Written by : Chris Huiyuan Zhang
Despite its hard-to-sing chorus, A-Ha’s Take On Me has remained its popularity as an iconic music video of the 80s till this day. Being way before the arrival of digital age, its music video has featured many qualities of a modern-day music video. Firstly, it has the self-reflexivity of a music video, as one of the predecessors of digital age music videos, it reflexed on the very making of music videos with the combination of both audio-visual footage and animations.
Secondly, it is a music video with narrative that features a mixture of genres. Although, its length is merely around three and a half minutes, it has expressed its main storyline through genres such as sci-fi, romance and even action. Surely it is somewhat corny comparing to the narrative in a modern-day music video, however, it was still made in a very high standard in the year when it was aired on MTV and definitely contributed to its commercial success.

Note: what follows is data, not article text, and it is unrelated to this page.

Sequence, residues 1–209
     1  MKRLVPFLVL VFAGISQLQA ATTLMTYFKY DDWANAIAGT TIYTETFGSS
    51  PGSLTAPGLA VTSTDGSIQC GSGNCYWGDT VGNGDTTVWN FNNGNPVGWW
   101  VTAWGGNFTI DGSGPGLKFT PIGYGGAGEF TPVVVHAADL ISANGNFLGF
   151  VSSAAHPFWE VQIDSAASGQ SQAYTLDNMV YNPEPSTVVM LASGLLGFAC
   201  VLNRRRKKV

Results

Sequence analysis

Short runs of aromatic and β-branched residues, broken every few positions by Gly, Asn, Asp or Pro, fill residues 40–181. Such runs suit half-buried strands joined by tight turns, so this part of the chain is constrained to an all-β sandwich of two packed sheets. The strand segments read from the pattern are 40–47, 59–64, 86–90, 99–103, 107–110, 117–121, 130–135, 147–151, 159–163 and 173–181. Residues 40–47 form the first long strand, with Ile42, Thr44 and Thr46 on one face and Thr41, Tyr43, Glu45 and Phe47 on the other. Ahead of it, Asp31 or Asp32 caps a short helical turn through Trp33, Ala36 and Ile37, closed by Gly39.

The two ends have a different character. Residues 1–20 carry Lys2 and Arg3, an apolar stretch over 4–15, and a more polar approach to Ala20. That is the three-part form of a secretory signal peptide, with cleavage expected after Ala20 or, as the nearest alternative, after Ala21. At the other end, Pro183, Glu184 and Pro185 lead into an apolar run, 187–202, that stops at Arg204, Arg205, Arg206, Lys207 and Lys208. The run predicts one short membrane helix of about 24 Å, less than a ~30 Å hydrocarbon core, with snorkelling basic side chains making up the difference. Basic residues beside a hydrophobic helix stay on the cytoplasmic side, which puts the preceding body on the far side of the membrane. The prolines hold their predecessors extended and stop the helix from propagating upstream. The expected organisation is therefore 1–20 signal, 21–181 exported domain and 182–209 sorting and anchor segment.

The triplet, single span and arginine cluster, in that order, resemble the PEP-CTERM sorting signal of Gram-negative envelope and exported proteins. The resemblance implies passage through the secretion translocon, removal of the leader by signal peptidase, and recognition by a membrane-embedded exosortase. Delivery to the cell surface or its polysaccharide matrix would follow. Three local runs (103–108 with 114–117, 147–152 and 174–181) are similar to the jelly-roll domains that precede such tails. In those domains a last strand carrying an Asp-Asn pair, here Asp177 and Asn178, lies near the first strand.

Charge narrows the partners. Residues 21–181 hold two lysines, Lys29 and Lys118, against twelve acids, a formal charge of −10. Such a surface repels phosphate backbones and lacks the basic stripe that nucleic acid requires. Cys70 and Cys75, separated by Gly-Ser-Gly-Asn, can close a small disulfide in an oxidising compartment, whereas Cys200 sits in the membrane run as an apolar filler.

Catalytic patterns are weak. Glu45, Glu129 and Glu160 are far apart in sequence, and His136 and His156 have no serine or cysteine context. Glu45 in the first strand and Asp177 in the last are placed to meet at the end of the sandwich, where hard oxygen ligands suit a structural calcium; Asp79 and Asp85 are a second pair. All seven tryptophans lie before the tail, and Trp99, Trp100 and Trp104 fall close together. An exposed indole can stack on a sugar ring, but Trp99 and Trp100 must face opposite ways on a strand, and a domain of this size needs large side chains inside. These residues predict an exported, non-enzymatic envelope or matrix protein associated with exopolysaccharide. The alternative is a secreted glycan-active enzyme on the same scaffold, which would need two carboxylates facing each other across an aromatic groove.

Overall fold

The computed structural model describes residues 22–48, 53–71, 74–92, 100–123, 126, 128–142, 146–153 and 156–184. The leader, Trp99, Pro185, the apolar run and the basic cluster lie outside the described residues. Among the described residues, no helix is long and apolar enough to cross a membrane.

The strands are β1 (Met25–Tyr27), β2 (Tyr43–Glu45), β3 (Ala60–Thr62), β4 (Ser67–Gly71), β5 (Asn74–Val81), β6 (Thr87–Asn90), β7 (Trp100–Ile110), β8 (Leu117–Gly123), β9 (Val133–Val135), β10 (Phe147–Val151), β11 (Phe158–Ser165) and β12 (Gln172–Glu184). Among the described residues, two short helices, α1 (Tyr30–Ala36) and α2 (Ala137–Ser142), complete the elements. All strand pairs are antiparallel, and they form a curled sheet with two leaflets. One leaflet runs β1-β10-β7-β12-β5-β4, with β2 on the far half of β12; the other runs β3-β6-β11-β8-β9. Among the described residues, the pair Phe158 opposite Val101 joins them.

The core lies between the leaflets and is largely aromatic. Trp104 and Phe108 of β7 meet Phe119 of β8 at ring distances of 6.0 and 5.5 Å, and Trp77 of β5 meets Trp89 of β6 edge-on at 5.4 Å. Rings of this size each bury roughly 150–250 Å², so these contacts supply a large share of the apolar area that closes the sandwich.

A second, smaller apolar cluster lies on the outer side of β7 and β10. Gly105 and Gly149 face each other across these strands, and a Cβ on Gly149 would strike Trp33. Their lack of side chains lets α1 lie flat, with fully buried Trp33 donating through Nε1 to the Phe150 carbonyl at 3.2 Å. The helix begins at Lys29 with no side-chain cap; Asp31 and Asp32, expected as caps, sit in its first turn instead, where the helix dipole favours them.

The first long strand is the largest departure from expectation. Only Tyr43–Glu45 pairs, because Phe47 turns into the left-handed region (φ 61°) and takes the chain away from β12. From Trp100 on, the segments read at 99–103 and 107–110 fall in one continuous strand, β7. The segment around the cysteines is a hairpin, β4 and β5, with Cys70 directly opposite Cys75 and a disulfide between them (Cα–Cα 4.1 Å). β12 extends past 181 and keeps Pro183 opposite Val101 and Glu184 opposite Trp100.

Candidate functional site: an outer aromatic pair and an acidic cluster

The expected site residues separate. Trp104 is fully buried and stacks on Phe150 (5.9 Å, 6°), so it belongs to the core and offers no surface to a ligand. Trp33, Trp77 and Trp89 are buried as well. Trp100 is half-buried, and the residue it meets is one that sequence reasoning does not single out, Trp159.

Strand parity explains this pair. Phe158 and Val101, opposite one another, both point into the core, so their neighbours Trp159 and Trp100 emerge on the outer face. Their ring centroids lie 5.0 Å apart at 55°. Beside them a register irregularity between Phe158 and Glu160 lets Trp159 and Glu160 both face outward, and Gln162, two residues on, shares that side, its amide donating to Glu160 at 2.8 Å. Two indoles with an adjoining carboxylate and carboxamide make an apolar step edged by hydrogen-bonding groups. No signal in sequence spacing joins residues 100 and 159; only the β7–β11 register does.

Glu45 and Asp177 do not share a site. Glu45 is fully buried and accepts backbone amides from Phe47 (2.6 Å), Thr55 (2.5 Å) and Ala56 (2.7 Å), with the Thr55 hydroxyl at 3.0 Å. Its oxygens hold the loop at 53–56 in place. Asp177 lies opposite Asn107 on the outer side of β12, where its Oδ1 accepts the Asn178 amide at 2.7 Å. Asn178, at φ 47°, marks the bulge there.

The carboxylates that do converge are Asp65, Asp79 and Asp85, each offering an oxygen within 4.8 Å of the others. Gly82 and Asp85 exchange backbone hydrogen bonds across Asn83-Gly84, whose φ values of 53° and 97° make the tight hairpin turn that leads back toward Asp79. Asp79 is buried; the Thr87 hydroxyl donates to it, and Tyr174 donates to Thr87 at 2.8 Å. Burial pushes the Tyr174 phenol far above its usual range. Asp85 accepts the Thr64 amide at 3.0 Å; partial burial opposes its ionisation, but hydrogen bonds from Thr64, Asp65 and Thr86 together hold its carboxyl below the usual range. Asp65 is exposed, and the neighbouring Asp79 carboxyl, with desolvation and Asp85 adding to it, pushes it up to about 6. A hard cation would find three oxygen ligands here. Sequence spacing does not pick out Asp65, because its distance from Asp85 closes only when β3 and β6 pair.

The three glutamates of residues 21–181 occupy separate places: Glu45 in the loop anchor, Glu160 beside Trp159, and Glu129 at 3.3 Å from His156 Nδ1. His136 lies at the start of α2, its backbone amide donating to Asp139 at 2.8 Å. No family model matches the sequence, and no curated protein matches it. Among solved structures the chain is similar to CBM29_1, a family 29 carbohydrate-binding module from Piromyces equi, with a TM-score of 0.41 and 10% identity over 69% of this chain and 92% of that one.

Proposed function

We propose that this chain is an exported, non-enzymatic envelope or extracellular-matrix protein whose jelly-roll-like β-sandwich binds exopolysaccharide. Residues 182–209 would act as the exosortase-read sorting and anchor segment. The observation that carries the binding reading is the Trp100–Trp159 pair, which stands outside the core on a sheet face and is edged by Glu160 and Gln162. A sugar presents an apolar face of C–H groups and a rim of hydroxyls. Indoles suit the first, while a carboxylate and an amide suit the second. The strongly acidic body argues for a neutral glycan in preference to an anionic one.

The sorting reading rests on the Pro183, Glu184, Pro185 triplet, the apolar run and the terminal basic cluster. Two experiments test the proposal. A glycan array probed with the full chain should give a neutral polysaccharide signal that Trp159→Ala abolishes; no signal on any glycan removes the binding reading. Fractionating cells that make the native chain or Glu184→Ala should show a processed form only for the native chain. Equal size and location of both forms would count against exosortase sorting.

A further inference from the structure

“I have no doubt that the video made the song a hit,” Furuholmen says. “The song has a super catchy riff, but it is a song that you have to hear a few times. And I don’t think it would’ve been given the time of day without the enormous impact of the video.” The legendary clip, directed by Steve Barron, took two months to create due to the backbreaking rotoscoping process, but it was worth the effort: At the 1986 MTV Video Music Awards, “Take on Me” took home six trophies and put a-ha on the fast track to fame in the U.S.
Even though it was shot in film, including self-reflexivity and post-modernism has made it not only an iconic song/music video in the 80s but also an audio-visual material that revolutionizes the making of music-videos which many music video creators has followed or attempting to copy its pattern of success in the following years.
“Nobody had ever seen anything like it. We watched many people rip it off, year after year. We once stopped to fill up the car – and the attendant was sitting there drawing animation frames. I said: “What are you doing?” He said: “Oh, we’re copying this guy’s work – you know, the A-HA video?”